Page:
This information is really quite important because bloggers are thought leaders—they know what their followers want and they influence buying and reading decisions. Whatever bloggers are covering should be on your list of competing book titles, and what the authors of those titles are doing online to promote their books should give you a sense for what’s working for them.

Look at the “Customers who bought this item also bought” section on your book’s page.

The “also bought items” section on your Amazon book page is a great place to look for competing book titles because it gives you insight into buyer behavior. Be prepared for some surprises here, because not every book will be a direct competitor of yours, but it’s a good reminder than a lot of readers (especially in fiction) will bounce between different subgenres. It’s important to remember these connections–and perhaps it will solidify some ideas you’ve had about branching out or starting a new series!

Look at the “Customers Also Bought Items By” section on your Author Central page.

This section appears just below your Amazon Author Central profile picture and bio. Similar to the “also bought items” section, this gives you some insight into buyer behavior because Amazon is telling you that the readers that buy your books also buy books by those authors listed.

You can take this a step further as well. If you have a short list of authors you aspire to emulate, because they’re already successfully servicing your ideal reader base, then check out the authors associated with them. This is a smart way to find competing book titles by branching out from a role model author in your genre or topic.

Go to your local bookstore.

Bookstore people are a wealth of knowledge and the good ones, especially in indie stores, really stay on top of what’s working in retail, what readers are drawn to, and what trends are hot and even up and coming.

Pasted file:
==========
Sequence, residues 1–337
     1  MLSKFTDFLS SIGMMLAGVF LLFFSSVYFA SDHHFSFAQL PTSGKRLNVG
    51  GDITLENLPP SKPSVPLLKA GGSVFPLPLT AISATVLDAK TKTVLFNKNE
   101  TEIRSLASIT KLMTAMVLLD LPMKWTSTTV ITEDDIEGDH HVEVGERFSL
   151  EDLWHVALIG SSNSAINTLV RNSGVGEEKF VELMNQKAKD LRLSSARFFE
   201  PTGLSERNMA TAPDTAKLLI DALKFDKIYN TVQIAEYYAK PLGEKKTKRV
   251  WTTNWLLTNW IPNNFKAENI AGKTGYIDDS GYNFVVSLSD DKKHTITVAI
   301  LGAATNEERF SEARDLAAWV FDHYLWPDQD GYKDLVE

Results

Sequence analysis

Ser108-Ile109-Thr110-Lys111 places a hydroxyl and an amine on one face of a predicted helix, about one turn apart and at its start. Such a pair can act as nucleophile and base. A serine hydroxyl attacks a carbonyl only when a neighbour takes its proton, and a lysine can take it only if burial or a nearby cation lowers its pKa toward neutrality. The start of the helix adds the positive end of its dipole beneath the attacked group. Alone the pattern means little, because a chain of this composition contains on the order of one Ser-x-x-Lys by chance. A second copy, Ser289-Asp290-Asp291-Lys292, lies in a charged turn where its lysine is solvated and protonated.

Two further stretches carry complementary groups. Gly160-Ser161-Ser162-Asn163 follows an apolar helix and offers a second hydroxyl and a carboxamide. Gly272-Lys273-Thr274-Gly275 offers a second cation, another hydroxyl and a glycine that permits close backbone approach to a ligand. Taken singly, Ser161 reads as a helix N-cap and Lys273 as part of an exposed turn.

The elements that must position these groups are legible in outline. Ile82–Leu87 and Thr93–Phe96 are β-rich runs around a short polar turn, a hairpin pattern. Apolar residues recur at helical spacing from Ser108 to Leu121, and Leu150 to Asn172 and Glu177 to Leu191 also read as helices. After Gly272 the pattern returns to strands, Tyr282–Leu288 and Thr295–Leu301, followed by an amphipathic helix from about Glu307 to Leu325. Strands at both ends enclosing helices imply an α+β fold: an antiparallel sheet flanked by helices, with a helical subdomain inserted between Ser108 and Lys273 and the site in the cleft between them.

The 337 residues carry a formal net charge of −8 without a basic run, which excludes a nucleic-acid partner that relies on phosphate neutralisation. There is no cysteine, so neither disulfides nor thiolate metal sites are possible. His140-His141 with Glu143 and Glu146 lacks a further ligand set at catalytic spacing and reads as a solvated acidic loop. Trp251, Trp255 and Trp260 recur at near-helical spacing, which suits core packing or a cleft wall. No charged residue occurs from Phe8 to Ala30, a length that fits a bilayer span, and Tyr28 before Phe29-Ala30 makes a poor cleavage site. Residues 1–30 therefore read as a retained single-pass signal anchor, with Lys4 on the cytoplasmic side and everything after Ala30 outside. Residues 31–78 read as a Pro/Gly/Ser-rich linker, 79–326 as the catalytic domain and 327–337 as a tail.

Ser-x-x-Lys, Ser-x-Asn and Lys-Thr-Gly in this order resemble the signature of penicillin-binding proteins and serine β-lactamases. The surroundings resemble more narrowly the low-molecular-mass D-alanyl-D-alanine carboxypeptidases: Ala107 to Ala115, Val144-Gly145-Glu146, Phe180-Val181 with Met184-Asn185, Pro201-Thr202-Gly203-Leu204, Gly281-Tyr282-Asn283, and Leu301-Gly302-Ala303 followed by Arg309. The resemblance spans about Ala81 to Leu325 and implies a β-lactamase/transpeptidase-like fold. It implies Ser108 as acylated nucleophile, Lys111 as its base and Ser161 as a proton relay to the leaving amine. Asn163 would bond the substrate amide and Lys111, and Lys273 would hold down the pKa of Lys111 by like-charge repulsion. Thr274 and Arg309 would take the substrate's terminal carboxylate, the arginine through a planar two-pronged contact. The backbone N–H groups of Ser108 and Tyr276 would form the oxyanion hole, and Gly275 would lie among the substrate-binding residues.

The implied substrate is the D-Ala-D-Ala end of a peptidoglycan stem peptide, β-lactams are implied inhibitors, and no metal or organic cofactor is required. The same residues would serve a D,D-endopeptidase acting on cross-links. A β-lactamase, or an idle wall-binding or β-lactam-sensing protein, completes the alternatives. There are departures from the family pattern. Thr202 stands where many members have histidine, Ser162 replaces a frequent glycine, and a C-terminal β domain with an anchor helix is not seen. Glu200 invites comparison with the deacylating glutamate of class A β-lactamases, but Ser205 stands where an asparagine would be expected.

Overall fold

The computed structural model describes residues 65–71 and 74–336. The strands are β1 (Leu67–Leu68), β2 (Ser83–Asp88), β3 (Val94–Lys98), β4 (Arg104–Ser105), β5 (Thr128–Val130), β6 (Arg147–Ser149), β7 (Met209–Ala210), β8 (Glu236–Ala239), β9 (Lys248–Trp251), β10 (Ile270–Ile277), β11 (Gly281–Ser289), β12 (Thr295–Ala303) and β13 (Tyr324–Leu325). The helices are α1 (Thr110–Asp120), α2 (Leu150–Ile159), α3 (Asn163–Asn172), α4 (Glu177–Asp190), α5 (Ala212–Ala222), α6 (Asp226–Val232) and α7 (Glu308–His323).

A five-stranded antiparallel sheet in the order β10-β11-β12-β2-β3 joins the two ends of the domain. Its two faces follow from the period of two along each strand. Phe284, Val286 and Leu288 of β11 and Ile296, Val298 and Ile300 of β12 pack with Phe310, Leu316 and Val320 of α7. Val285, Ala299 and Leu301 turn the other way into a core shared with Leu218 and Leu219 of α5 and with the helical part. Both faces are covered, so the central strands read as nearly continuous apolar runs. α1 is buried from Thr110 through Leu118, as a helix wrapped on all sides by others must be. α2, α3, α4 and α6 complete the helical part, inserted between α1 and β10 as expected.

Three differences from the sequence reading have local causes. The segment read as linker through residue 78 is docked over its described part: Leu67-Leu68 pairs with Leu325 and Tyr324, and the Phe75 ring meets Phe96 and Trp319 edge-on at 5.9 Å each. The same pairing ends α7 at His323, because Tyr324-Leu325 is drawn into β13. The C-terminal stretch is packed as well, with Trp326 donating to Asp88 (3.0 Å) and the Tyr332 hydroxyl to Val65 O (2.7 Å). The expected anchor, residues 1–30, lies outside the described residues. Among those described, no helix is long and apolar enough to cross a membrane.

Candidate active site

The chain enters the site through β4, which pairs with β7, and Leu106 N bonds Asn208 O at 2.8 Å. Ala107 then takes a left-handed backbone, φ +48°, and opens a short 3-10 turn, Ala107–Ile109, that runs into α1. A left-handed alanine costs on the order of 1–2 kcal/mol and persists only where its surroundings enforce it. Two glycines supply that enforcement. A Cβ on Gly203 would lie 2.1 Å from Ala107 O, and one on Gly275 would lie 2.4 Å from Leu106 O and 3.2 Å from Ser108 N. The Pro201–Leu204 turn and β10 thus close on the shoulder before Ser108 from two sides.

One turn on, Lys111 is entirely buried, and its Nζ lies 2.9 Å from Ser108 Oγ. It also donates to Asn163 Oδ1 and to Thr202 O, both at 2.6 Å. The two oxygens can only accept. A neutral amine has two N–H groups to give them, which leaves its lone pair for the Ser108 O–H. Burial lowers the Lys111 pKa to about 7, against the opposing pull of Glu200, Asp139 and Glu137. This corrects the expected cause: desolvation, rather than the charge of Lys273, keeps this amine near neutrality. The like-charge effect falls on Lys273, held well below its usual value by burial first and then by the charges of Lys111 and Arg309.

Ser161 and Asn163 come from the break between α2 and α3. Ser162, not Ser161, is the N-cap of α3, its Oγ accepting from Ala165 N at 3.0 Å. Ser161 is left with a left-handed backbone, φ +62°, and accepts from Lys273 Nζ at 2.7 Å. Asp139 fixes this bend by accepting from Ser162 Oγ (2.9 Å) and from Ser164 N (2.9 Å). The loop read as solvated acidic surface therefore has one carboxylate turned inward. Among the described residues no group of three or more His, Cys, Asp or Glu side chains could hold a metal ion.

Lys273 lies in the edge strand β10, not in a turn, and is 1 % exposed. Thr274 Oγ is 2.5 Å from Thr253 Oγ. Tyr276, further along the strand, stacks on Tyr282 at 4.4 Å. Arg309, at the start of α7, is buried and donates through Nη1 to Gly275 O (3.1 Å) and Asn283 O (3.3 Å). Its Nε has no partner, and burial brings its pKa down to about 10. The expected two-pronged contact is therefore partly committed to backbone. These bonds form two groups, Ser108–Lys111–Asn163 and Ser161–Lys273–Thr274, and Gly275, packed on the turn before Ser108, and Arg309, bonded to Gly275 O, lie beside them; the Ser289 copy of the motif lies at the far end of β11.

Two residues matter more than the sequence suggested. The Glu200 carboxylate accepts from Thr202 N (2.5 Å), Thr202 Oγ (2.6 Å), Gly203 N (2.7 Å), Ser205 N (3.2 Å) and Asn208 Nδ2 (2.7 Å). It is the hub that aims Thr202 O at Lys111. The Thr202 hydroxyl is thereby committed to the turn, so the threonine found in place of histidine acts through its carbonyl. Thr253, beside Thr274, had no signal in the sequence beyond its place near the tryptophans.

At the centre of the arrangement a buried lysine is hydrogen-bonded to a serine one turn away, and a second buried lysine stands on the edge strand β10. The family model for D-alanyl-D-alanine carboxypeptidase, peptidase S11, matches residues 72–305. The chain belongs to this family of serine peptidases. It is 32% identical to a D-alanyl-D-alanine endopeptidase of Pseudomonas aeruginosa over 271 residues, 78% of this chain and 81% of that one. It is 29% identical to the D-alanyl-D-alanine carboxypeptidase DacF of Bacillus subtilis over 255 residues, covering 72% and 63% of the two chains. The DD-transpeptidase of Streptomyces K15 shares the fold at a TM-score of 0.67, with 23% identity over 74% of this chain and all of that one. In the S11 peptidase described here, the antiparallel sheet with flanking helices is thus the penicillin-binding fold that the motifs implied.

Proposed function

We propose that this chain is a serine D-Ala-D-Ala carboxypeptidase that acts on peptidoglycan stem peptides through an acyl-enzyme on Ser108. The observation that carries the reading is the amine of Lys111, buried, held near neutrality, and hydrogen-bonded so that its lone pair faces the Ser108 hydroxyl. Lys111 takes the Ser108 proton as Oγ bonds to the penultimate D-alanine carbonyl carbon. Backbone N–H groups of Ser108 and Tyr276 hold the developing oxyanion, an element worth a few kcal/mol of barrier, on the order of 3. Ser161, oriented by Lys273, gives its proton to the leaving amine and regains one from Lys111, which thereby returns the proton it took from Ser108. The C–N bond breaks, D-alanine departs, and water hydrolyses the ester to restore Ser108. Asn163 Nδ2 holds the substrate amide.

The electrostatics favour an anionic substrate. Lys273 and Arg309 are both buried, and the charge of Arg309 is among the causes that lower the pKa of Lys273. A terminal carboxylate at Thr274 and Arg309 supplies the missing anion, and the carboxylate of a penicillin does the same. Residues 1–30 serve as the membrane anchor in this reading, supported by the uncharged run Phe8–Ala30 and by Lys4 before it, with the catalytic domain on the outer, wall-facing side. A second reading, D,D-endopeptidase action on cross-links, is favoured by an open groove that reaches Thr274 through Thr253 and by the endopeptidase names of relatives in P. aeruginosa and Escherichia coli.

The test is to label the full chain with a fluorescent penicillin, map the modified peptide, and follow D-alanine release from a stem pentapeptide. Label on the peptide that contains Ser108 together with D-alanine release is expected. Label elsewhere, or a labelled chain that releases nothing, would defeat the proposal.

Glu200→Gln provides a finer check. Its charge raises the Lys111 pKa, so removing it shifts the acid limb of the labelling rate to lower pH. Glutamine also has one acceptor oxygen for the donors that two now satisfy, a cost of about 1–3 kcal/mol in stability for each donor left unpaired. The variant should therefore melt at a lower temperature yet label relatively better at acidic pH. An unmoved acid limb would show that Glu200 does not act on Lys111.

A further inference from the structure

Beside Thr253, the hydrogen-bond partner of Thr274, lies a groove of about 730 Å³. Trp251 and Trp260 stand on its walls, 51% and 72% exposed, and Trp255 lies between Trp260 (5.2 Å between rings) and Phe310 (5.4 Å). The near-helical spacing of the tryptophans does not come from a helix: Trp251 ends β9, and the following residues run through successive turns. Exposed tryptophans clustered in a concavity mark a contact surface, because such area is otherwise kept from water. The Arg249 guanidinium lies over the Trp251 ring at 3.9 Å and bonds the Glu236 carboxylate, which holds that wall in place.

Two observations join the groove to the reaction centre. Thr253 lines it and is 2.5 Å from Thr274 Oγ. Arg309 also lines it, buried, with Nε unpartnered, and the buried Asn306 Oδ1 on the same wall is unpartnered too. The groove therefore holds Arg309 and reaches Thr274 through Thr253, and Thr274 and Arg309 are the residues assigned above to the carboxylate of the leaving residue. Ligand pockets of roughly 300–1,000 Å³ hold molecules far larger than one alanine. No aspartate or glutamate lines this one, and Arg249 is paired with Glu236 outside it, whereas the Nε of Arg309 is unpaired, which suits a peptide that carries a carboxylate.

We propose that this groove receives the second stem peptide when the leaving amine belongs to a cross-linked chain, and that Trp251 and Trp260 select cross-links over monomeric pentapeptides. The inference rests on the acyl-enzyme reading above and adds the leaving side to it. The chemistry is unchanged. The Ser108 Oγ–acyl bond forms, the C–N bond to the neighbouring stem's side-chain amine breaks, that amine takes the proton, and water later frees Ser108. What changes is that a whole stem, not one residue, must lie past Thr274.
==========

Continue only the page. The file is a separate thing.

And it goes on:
Booksellers can show you which sizes of books are really selling well, meaning you shouldn’t assume a standard size paperback is always your best option; which debut authors are really killing it in the market; and even what readers in your genre are asking for when they come in to find new books to read.

And don’t forget to read your genre! I know it, none of us have a lot of free time these days but you should always make time to read what’s trending with your readers and what’s really working in your genre or topic. It will give you a strong sense for how your writing and story or content creation stacks up.

Read reviews.

Once you have a solid list of competing book titles, be sure you’re not only reading as many of the books as you have time for; definitely read the reviews for the books as well.

Reviews tell you what readers like, what they don’t like, what stood out as special, and what they found distracting or too complex. It’s another great tool for gathering insight into how to compete in your genre or topic.

All of this information really adds up, and it’s pretty necessary for determining your book marketing approach as well. Success leaves clues. So while you don’t want to mirror another author’s efforts exactly, and it’s not realistic to set benchmarks based on what the big name bestsellers are doing, you should definitely be able to pick up on new promotion ideas that you haven’t tried yet, or ways to engage with your fans more effectively on social.

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At the end of the day researching and tracking competing book titles gives you a stronger sense of where you fall in the big scheme of things, whether you need to make some important changes to better align in your market, and it helps you set goals to reach that next level!


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Penny C. Sansevieri

Penny C. Sansevieri, Founder and CEO of Author Marketing Experts, Inc., is a best-selling author and internationally recognized book marketing and media relations expert. She is an Adjunct Professor teaching Self-Publishing for NYU and is the author of eighteen books, including How to Sell Your Books by the Truckload on Amazon, 5 Minute Book Marketing, and Red Hot Internet Publicity.